Where do we go from here?

I lay motionless. The pain began to fade. I thanked Our Lord that I could still wiggle my toes. It had seemed such a good idea to assist the shy ninth-grader. I had coaxed him into the bouncy air mattress machine with me. We were a few feet apart, bouncing gently, when it happened. A rambunctious child bounced at me and hit me perpendicularly in the upper leg region. In an instant, I was flat out on my back. There was an eerie silence as the air mattress became still. I lay there, eyes closed, wondering if this meant I was getting too old to be the teacher I wished to be. My reflections were cut short by a child’s piercing scream, “God please save me. I’ve killed a teacher.” As I sat up, that same child’s whispered, “Thank you God” was amazing.

We all have those moments when life events figuratively knock us to the ground. It could be facing a critical or terminal illness, death of a family member or friend, rending of that relationship one had hoped would last for eternity, loss of employment, or loss of independence. That moment of recognition of the loss of something or everything one thought defined one’s existence is a very lonely moment for the soul. There is that instant call to God. However, not everyone is handed the immediate reprieve that child received. 

The example I wish to use to reflect upon our call to arise and try again is based upon the transplant story that appeared in SELF magazine December 2015. Kayla was on dialysis. She needed a new kidney. Was a transplant in God’s plan? In a similar manner, each of us, when down on that cold ground, must patiently await then cooperate with God. We can take solace in Jesus’ words: “Do not let your hearts be troubled” (Jn 14:1). 

A young woman named Jennifer, who did not even know Kayla, decided to donate a kidney. Jennifer had responded to Jesus’ whisper, “Arise and go” (Jn 14:31). Jennifer was a “Doer of the Word and not just a hearer” (Jas 1:22). She lived the truth St. Augustine found. It is only by living for others (not just private worship) that one truly lives with Christ.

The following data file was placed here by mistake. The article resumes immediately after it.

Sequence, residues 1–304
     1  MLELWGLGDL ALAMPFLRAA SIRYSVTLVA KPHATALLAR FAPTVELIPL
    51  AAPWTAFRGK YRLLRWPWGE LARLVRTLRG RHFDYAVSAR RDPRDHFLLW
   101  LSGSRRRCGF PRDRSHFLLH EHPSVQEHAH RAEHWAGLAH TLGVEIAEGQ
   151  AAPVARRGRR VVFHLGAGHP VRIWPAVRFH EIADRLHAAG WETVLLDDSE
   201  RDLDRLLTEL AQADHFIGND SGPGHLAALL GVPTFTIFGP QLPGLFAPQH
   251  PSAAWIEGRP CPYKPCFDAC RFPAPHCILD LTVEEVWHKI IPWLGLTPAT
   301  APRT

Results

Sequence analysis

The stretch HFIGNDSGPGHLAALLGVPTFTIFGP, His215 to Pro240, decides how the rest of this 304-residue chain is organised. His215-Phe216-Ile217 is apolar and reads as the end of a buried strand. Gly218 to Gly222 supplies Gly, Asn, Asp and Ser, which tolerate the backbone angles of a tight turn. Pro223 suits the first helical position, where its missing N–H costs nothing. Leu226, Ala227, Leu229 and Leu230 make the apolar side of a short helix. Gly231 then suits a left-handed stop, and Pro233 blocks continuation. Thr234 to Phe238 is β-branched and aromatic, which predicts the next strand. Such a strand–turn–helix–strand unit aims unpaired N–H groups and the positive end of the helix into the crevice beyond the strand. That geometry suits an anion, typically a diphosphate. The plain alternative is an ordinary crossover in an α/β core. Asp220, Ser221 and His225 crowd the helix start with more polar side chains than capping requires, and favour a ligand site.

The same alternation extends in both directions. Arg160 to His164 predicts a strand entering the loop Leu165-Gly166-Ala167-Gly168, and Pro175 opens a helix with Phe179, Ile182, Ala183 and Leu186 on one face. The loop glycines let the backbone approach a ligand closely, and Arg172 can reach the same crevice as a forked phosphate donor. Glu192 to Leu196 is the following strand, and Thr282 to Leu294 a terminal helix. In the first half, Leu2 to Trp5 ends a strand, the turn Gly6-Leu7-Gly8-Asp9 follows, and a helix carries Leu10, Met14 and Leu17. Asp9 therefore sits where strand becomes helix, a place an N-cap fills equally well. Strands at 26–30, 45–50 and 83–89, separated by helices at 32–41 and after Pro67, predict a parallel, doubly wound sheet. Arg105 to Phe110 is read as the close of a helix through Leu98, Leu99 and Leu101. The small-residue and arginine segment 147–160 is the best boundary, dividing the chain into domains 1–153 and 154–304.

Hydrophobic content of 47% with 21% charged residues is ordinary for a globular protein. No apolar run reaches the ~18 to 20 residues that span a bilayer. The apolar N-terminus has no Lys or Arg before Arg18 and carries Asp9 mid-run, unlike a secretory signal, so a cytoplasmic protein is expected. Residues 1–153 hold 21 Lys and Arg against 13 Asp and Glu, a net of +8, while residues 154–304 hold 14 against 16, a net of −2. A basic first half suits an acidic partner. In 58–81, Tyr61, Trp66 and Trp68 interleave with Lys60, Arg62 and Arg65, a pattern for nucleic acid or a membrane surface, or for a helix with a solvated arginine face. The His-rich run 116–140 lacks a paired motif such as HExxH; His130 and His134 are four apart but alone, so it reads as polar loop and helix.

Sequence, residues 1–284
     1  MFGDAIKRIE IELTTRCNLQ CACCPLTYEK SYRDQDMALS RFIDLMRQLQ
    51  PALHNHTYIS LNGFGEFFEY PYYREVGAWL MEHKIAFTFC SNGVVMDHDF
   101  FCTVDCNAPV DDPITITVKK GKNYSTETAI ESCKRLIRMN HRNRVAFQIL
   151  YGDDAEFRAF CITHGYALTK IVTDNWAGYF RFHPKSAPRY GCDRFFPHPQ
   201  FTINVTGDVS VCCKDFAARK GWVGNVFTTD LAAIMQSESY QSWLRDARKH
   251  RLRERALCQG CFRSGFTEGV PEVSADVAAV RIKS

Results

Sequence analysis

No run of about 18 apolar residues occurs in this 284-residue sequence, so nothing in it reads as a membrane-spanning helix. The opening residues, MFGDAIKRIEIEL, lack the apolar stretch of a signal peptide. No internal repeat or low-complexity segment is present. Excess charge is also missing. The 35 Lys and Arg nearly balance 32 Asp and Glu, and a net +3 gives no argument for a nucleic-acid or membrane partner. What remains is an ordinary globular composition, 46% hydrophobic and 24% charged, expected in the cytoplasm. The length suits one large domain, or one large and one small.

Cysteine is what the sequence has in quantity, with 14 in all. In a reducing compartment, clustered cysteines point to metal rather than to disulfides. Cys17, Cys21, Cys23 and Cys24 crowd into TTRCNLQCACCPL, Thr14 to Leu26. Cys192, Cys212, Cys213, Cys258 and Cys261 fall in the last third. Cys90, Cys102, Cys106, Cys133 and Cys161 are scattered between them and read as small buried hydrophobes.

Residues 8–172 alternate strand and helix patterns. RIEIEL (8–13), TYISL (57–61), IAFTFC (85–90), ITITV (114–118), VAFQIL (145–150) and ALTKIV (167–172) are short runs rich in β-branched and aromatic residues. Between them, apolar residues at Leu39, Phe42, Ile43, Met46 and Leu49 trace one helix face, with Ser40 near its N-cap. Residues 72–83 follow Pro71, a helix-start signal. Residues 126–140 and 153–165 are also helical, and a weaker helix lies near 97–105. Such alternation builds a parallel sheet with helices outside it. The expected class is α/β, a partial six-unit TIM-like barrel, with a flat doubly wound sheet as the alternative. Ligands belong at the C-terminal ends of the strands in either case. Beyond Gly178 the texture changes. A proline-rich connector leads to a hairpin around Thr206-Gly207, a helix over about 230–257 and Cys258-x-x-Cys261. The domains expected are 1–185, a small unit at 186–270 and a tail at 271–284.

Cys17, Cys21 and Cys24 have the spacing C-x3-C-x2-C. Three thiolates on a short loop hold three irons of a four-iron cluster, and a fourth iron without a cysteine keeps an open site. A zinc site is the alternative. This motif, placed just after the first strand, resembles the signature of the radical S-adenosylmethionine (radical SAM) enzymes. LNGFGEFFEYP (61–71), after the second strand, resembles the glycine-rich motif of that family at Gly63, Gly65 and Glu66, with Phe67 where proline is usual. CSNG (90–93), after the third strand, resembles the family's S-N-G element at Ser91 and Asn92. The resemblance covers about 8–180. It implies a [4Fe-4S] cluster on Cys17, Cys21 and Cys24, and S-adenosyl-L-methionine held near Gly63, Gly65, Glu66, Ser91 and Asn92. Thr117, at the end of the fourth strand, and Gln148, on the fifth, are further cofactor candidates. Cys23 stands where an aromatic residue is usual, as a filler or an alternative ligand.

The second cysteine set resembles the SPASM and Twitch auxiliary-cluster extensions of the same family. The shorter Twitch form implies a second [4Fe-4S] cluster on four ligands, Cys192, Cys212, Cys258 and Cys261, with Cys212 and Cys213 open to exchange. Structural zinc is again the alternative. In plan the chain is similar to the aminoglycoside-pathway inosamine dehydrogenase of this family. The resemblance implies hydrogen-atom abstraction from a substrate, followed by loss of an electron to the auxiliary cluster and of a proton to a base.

Next, there was the agonizing wait to see if the tissues were a match. In the poem “Hope,” Emily Dickinson personifies hope as a bird. She says: “‘Hope’ is the thing with feathers / that perches in the soul / and sings the tune without the words / and never stops — at all.” Words of the intellect are not required for the soul to communicate what is truly needed. The soul is always open to God’s answer, even an unexpected one. In the silence of one’s heart, one can hear the soul’s song to God and His answer. The song never ends because hope is eternal. Many times someone or something new enters our lives as part of God’s answer. We must trust that this new person or thing will address our need. The soul leads the heart in this. It is said that you can listen to your mind, but you have to follow your heart. 

The last hurdle for the transplant was the psychological evaluation. Jennifer’s answer regarding her reason for donating was deemed insufficient. The psychologist bluntly told her that her wish to be kind and donate to a stranger in need was not normal. Jennifer responded, “Well then I don’t want to be your version of normal.” Through prayer we need to ensure we remain in touch with God’s Will for our lives. That will not only embolden us to fight when we need to do so, but will ensure us that we are fighting to help bring God’s plan to fruition. From the letter of James, “Blessed is the man who remains steadfast under trial, for when he has stood the test he will receive the crown of life, which God has promised to those who love Him” (Jas 1:12).

Kayla now awakens each day ready to face what comes her way. This walking in the providence of God reminds me of Jesus in the Temple. This is the Child Jesus discovering and living the plan God had envisioned. 

Alice Swam says, “Courage is the fragile blossom that opens in the snow.” Depending upon the severity of the hit we have taken as well as whether God’s helpers have arrived, it may take everything we have just to stand again to take that first, tiny step. 

However, we might be God’s special assistant for another person whose suffering is even greater than ours, so we must arise. Choosing to continue to live for ourselves and to also live for others is one aspect of the responsibility we each have of walking one another home to be with God for all eternity.

Anchor columnist Helen Flavin can be contacted at biochemwz@hotmail.com.

© 2018 The Anchor and Anchor Publishing   †   Fall River, Massachusetts